Bourgeois law sets up a system which seems, superficially, to draw its moral force from the common sense morality of ordinary people (in the West this is filtered through the formal Christian ethics internalised by our civilisation). Its actual function, of course, is to promote and enforce a social orderliness which allows the relatively untrammelled existence of social hierarchy.
(This isn’t a conspiratorial view, by the way. Conspiracies undoubtedly happen – the ruling class, and their adjutants, are as capable of getting together and discretely working towards their own agendas and advantages as anyone else – but conspiracy is not the basis of the system. Conspiracies are often criminal and, though frequently winked at by The Law, they are theoretically punishable. They are, in a very real sense, an aberration. An endemic aberration certainly – and more endemic the more confident the ruling classes get – but an aberration nonetheless. It’s important not to be too cynical about the concept of law, to imagine that it is just a sham, and that everyone at the top knows it to be. That isn’t how systems of control endure. Systems of control endure by being extremely plausible both to those who are screwed by them and those who benefit from them. Corruption is real. It is a by-product of a system that generates unaccountable and hierarchical structures. Corruption is also an important psychological category for making the system seem plausible, for making it seem to have validity and integrity. Everyone – the corrupt and the non-corrupt – partly derives their idea of what constitutes legitimacy from their idea of what constitutes illegitimacy.)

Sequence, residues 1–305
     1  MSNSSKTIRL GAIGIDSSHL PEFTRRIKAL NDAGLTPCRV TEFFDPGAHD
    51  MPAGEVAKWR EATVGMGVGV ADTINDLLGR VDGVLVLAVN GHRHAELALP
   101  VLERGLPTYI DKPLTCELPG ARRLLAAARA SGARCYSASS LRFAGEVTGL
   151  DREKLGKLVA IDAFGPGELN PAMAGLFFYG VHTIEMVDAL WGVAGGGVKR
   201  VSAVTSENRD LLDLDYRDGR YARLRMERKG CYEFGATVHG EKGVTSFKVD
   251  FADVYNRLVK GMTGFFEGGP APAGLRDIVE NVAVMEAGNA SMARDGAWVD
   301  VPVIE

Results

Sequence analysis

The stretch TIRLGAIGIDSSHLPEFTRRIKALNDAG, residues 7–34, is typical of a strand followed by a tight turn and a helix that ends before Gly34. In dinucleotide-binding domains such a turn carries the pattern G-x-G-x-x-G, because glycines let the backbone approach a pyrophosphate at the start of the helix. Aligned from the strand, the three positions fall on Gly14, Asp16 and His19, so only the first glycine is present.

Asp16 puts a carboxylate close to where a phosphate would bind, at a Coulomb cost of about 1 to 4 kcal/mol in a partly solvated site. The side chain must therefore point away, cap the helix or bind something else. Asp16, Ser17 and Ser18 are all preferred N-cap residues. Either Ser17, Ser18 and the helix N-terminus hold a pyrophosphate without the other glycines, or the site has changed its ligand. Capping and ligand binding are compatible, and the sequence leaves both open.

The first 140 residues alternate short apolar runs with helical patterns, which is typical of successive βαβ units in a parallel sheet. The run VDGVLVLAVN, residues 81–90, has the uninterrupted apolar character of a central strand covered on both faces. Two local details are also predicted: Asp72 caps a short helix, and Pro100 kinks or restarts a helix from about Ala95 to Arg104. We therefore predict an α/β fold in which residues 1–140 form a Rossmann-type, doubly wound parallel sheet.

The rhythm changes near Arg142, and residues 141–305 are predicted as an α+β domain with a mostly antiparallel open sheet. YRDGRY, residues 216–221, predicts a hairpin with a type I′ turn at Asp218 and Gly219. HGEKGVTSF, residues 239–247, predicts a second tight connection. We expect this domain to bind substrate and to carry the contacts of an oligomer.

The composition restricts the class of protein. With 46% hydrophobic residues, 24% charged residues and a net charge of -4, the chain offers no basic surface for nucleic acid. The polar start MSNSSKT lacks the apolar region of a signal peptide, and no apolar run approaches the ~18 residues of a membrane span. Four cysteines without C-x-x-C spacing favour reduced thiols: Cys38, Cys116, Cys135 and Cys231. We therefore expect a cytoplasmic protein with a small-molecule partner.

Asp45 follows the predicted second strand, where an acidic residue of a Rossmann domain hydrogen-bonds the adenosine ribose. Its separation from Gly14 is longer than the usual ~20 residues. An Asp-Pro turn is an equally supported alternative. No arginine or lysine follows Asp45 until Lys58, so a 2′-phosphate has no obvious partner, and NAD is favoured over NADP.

Part of how bourgeois law manages to be an effective and enduring system of control is by appearing to be impartial in its normal operation, to be aimed at securing justice except in aberrant circumstances, and to be based on moral categories… and one way in which it manages this is by, to some degree, some of the time, actually bothering to be all those things. You can get good results from the bourgeois justice system. It has to be capable of working properly in order to look like what it claims to be. You can trace the influence of popular ideas of morality in its structure and strictures. This is, to the greatest extent, the accreted result of popular pressure to reform the system. But then the absorbtion and adaptation of popular demands, the rationed distribution of progressive gains, the assimilation of democratic ideas, is another part of how systems of control survive. Ultimately, all worthwhile conceptions of ‘justice’ come from the democratic impulse from below. This isn’t to say that they come from the innate goodness of people, or the nobility of the oppressed, or the spirit of mankind, or anything like that. Rather, the oppressed – always the more universal class because they are the most widespread and the most thwarted – develop the democratic impulse towards justice precisely because they are denied it. Injustice breeds the idea of justice in people. Inequality creates the aspiration towards equality. Justice isn’t a thing that exists in the world a priori, it is a human idea. That makes it no less real, but it does mean that it bear the marks of its social origin.